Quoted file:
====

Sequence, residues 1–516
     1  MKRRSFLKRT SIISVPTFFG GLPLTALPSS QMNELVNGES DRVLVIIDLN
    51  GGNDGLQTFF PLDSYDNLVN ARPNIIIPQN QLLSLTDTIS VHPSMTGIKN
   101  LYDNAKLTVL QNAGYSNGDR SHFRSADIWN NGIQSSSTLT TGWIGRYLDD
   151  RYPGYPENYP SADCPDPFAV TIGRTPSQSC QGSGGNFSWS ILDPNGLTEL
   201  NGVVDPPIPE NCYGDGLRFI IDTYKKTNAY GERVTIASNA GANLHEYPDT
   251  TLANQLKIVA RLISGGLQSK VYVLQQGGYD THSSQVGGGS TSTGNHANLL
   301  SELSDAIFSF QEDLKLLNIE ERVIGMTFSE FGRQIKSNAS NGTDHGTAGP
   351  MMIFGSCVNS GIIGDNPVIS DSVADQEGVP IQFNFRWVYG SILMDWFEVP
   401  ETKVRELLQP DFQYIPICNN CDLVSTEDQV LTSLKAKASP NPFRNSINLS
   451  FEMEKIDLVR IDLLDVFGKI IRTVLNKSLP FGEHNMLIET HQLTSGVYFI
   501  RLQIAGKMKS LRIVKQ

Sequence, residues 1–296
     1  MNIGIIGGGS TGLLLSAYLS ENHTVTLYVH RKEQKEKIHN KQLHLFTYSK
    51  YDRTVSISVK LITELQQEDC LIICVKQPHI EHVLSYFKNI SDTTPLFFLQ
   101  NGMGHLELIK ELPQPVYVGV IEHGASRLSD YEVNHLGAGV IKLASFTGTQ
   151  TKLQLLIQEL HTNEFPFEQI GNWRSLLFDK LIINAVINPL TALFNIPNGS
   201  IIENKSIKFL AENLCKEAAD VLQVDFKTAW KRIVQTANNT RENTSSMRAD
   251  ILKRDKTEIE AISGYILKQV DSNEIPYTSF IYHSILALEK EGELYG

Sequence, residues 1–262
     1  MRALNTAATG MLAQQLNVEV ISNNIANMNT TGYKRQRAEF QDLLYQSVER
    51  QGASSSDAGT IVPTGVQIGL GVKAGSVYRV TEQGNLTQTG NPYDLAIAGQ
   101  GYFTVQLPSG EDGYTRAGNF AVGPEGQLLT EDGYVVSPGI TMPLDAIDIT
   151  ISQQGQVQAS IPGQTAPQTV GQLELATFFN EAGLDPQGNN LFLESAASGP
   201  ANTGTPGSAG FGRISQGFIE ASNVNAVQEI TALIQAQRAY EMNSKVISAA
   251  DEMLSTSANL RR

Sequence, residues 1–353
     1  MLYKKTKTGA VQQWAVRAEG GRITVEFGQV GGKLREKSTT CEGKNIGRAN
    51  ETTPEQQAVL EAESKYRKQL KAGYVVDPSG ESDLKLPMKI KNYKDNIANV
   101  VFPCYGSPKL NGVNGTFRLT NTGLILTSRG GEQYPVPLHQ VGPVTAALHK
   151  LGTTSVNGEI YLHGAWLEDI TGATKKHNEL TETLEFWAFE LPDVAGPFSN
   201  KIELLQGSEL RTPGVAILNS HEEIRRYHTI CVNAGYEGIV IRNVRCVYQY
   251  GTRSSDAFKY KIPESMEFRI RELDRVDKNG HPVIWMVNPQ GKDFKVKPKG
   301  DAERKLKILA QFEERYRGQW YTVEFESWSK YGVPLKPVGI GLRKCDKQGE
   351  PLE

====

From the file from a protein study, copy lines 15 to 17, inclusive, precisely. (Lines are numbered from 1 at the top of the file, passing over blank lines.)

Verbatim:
    51  YDRTVSISVK LITELQQEDC LIICVKQPHI EHVLSYFKNI SDTTPLFFLQ
   101  NGMGHLELIK ELPQPVYVGV IEHGASRLSD YEVNHLGAGV IKLASFTGTQ
   151  TKLQLLIQEL HTNEFPFEQI GNWRSLLFDK LIINAVINPL TALFNIPNGS